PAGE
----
The boat could not get quite close to the beach, because they had run her into a kind of cove where the water was calm and encumbered with large tangled weeds. O’Brien, when he reached the beach, plunged into the water to prevent delay, and struggled through the thick matted sea-weed to the boat. The water was deeper than he expected, and when he came to the boat he needed the aid of the boatmen to climb over the gunwale. Instead of giving him this aid the rascals allowed him to flounder there, and kept looking to the shore, where the constable had by this time appeared with his musket. The moment he showed himself, the three boatmen cried out together, “We surrender!” and invited him on board; where he instantly took up a hatchet, no doubt provided by the ship for that purpose, and stove the boat.
O’Brien saw he was betrayed, and, on being ordered to move along with the constable and boatmen towards the station, he refused to stir, hoping, in fact, by his resistance, to provoke the constable to shoot him. However, the three boatmen seized on him, and lifted him up from the ground, and carried him where-ever the constable ordered. His custody was thereafter made more rigorous; and he was shortly removed from Maria Island to Port Arthur Station.2
So conversing we returned towards our hotel. A large black snake, the first I have seen this summer, lay upon our path; and my wife would probably have walked over it, but that O’Brien, who saw it first, pushed her back, and jumped forward to kill the snake with a staff. It glided away, however, as they will always do if they can, amongst some dense tufts of iris, and we could not find it.
Oct. 16th. — This morning we were apart. Mr O’Brien had fourteen miles to walk up the St. Paul’s Valley; and asked us to go with him about two miles that he might show us a beautifully-situated cottage and farm, on the St. Paul’s River, which he advised me to rent; for I may now live in any district I please, as independently as any ticket-of-leave rick-burner in the land.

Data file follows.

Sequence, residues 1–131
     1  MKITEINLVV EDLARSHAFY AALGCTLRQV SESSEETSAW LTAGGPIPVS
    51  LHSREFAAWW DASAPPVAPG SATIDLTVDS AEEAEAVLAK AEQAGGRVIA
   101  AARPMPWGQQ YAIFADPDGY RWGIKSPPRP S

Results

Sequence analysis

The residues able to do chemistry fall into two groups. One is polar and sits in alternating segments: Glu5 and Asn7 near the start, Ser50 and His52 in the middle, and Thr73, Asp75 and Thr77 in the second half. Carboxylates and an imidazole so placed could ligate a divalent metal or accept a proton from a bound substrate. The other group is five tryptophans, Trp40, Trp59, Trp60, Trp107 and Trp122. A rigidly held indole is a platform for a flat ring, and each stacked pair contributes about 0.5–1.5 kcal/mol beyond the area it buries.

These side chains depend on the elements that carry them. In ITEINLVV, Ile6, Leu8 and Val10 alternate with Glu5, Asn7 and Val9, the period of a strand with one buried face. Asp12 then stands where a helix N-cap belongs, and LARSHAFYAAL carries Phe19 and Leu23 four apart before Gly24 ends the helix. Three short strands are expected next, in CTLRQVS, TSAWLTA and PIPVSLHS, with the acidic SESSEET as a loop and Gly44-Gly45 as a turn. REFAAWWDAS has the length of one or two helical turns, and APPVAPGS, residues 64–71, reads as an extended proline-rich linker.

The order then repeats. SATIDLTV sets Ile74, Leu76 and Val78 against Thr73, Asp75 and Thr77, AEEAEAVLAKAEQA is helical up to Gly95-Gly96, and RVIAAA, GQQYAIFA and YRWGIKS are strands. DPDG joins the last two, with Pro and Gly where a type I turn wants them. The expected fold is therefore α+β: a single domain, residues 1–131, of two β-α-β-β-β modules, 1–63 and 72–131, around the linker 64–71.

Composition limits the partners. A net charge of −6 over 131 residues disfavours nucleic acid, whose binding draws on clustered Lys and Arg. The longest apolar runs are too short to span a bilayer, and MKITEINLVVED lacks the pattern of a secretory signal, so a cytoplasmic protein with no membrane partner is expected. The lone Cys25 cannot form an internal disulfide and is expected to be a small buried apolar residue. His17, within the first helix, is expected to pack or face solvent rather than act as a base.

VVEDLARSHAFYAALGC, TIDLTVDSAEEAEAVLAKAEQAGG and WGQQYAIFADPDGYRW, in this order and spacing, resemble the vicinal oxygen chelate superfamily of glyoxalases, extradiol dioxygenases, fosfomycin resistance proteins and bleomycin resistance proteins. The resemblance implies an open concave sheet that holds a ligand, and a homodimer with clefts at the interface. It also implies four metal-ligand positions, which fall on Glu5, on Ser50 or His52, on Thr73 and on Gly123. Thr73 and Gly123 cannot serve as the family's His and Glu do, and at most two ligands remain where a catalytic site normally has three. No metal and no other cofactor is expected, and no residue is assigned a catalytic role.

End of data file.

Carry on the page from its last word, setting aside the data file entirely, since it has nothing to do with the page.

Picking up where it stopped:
We sauntered and lingered as long as we could in that beauteous valley. At last it was necessary for us to part, he on his way to Dr. Brock’s residence, where he must give certain lessons this evening; we, back to Avoca, to take the public spring waggon for Campbelltown. We stood and watched him long, as he walked up the valley on his lonely way; and I think I have seen few sadder and few prouder sights. Oh! Nicé, Queen of Carthage! pour thou upon that haughty head all the vials of thy pitiful revenge; heap on that high heart all the ignominy that can be imagined, invented, or created by thee — and that head bows not, that heart breaks not, blenches not. Of honour and dishonour, thou, O Queen! art not the arbiter or judge; and the Parliament, platform, pulpit, press, and public of thy mighty people, know nothing about the same.
We turned slowly away — I, with a profound curse, my wife with a tear or two, and came back to Avoca. To-morrow we start for Bothwell; and are to take Lake Sorel on our way, visiting Meagher’s fairy cottage.
1 It is with reluctance I publish these passages of my Journal, describing the exceptional rigours of our captivity. But I find that, even yet, English newspapers speak of us as having been the objects of “clemency” and indulgence; and there is no harm in letting the facts be known. If the British Government had shown us “indulgence and clemency,” I should despise it, inasmuch as the thing we sought was not a mild execution of our sentence, but a real trial before our countrymen — was, in short, not “clemency,” but justice. This, I think, was not unreasonable to demand at the hands of a Government which professed to be administering and vindicating law. But, inasmuch as there was no trial at all, and the execution of the false sentence was more atrociously rigorous than any of their real criminals undergo, what is to be thought of this British cant about indulgence?
2 Ellis, the captain of the schooner, was some months after, seized at San Francisco by Mr. MacManus and others, brought by night out of his ship and carried into the country to undergo his trial under a tree, whereupon, if found guilty, he was destined to swing. MacManus set out his indictment, and it proves how much Judge Lynch’s method of administering justice in those early days of California excelled anything we know of law or justice in Ireland — that Ellis, for want of sufficient and satisfactory evidence then producible, was acquitted by that midnight court under that convenient tree.